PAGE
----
• Further, another aspect of this invention is that the monitoring devices in form of SMAs are being polled by the regulation technique used for data collection at regular intervals. This is unlike most wireless monitoring devices that are generally programmed to broadcast a data packet and that have a receiver which has a built-in software that picks up data at certain frequencies. A difference between the two methods is that in case of RT polling SMAs, the RT decides the frequency of polling. The user would change one variable in RT as against the opposite method of monitoring devices broadcasting at set frequency where the receiver is ready to receive and the user will have to reprogram each monitoring device individually to reduce the frequency of broadcast.
  • Following description shown is one way of implementing a SMA polling scheme in the RT. The polling scheme in RT may follow a simple Round-robin (RR) scheduling algorithm. A RR algorithm assigns time slices to each process in equal portions and in circular order while handling all processes without priority. A RR algorithm has a separate queue for every data packet and identifies every data packet by its identifier (RR-ID). With two-way communication capability, the RT would poll or send a query to an SMA using the SMA's ID as the SMA address. Then, the algorithm would allow data to flow to take turns in transferring packets on a shared channel in a periodically repeated order. An advantage with data communication using RR algorithm is that collisions of data packets are eliminated, and a data channel bandwidth can be fully utilized without idle time especially if a monitoring system has multiple SMAs to poll. Such a streamlined data-collection process would result in minimal noise on the wired networks used for carrying utility data.
  • As an example, a RT initial set-up description using a system used for monitoring electricity usage in a home is described. There may be several set-up screens on the application to “set-up” a management scheme needed for a particular residence. This would give the RT application an idea as to how the user may want to manage their utility information. Outlets that cannot be switched on or off may be noted and certain appliances may also be noted. Lights could be programmed for their output. When a room is darkened, the lights would come on automatically. This feature can be extended to what can be termed as an event/mood/theme based lighting. The RT will allow the user to have certain programs which when instantiated could turn, for instance, the living room lighting into a “movie setting” whereby lights around the TV will be dimmed and optimized for watching a movie. In another instance, certain portions (collections/ art pieces/paintings) could be highlighted by using a “social gathering” light setting. Although these examples focus on lighting, the RT could be applied to produce any user defined setting for appliances that run on electric current which could be also be based on interaction with environmental sensors like lights, audio, temperature control, motion sensors, etc.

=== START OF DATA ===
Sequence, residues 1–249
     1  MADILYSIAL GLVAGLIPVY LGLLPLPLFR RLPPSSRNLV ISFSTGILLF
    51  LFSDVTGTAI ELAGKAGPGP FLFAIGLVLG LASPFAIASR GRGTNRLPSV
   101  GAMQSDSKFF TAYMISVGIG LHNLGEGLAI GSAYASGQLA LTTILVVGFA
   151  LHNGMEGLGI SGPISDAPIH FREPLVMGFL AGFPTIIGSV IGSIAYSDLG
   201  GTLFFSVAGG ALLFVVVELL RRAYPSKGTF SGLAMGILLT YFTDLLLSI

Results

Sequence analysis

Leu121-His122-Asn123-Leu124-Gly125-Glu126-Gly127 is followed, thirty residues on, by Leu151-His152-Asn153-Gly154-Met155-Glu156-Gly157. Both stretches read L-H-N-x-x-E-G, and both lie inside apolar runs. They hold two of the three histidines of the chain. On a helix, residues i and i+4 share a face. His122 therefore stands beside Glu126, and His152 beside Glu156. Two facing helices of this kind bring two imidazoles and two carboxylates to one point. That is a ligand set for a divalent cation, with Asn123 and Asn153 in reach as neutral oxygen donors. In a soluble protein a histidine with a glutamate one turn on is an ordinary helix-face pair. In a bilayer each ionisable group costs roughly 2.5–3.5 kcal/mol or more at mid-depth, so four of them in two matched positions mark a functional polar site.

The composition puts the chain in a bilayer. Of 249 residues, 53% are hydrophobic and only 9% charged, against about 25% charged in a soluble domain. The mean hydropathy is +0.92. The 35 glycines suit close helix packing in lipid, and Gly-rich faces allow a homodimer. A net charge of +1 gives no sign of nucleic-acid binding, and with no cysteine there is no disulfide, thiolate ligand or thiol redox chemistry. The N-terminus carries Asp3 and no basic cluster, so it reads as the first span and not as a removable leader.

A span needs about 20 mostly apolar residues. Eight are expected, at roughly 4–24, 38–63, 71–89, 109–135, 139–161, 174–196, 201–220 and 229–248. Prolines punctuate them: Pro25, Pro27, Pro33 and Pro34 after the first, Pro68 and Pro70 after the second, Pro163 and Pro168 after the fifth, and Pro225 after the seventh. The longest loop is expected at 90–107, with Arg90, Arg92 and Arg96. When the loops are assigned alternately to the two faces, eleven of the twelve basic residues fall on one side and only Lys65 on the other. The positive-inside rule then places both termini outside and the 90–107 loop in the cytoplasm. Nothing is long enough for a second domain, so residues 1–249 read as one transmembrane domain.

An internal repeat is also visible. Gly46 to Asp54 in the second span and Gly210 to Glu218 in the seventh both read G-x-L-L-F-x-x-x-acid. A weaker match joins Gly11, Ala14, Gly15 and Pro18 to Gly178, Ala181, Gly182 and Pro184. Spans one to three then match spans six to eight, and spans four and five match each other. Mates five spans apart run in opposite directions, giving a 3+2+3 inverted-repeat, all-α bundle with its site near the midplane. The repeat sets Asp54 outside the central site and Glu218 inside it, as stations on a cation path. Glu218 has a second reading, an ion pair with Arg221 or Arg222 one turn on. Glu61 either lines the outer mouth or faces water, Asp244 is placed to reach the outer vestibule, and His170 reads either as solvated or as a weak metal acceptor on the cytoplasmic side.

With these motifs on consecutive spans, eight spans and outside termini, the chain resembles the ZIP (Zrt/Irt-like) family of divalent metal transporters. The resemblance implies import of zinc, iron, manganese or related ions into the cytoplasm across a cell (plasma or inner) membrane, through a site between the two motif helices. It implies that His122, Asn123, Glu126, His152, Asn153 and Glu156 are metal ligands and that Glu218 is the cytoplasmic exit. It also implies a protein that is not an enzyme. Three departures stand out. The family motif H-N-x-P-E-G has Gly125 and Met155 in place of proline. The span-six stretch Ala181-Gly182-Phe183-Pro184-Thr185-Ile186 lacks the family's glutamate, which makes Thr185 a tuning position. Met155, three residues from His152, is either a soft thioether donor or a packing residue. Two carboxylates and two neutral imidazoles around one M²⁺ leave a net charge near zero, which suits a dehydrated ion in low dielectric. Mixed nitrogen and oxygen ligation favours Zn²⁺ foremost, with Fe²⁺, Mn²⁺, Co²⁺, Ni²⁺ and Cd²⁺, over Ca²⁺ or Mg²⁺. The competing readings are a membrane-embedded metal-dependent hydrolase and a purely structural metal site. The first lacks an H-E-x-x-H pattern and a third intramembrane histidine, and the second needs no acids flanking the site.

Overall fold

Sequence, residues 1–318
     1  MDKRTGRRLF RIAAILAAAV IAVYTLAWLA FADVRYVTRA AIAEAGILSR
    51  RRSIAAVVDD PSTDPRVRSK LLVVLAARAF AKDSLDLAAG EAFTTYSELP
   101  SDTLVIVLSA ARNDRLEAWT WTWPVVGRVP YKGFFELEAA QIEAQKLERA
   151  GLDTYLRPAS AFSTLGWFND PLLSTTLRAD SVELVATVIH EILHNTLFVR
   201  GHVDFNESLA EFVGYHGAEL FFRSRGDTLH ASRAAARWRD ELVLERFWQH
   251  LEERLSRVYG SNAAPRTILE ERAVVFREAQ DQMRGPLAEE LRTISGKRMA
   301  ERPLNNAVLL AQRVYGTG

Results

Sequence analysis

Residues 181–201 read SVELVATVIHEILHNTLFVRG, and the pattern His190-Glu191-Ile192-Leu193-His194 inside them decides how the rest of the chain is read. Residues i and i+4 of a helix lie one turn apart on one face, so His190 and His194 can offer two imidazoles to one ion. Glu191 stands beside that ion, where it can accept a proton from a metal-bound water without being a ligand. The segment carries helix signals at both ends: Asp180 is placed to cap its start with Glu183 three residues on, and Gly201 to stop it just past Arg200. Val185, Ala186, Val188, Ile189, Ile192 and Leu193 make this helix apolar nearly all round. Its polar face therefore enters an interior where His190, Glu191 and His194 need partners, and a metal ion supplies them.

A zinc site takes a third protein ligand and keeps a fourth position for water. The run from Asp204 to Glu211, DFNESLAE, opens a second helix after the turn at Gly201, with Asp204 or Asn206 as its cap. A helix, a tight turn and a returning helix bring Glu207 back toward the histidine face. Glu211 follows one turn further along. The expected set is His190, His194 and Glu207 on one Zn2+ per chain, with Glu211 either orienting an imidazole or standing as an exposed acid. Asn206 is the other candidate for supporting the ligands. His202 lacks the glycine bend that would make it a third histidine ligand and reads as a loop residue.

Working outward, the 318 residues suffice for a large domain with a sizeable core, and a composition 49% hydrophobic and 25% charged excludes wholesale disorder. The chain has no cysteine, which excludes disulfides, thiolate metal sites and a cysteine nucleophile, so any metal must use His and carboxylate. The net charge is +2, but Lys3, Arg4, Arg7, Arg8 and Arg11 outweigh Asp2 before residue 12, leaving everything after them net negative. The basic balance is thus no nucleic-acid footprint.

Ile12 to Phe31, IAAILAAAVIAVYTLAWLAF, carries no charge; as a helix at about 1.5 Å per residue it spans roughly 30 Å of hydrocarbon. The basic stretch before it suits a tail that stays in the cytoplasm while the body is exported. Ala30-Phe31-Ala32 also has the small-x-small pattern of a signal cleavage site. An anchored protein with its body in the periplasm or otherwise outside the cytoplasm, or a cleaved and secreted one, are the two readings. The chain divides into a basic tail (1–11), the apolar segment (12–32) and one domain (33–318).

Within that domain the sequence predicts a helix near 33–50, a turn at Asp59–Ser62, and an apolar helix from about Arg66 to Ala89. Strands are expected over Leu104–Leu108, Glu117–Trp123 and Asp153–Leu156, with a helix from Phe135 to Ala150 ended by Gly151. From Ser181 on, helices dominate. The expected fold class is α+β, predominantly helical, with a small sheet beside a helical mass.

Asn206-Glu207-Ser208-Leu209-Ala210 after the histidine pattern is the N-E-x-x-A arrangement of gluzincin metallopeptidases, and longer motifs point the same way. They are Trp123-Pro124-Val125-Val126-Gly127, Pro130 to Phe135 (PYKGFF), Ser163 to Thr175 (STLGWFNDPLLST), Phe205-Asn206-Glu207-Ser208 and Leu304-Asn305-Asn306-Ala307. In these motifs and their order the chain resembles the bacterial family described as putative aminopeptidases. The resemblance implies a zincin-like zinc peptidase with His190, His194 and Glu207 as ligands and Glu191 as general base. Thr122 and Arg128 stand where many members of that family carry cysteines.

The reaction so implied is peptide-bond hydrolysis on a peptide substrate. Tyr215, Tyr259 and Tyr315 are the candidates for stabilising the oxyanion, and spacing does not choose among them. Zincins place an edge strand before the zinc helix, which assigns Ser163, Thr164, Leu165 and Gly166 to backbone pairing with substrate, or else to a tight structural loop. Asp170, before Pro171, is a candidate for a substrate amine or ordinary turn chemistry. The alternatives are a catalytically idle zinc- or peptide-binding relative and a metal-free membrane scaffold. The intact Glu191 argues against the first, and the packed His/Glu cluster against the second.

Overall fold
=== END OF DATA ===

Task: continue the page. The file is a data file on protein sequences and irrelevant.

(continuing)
• Another aspect of the invention applies to LED lighting. There are 3 basic types of LEDs—Red, Green and Blue. When these basic colors are mixed in different combinations & quantities, one can achieve every possible color and shade in the visible light spectrum from dark (lights off) to white light (mix of all colors). Current can be supplied to specific locations and number of LEDs to emit a specific color using the RT. The RT application will display a color palette on the PC for the user to pick a color from and an algorithm may determine location and quantity of LEDs in a LED array to be turned on to achieve the desired output. This feature can be used by the user to shine LED light on walls, in a corner of a room or on art pieces to create special effects with a click of a button. Architects and interior decorators can use this feature of invention to offer customers the ability to create ambience in their homes/offices/ stores that can be changed daily/seasonally/occasionally without a need to paint the wall or structure. In addition, since LEDs are extremely sensitive to voltage and current variations and essentially require current-regulated power supplies, the SMA+RT system will be able to serve this function and help extend the life of the LEDs.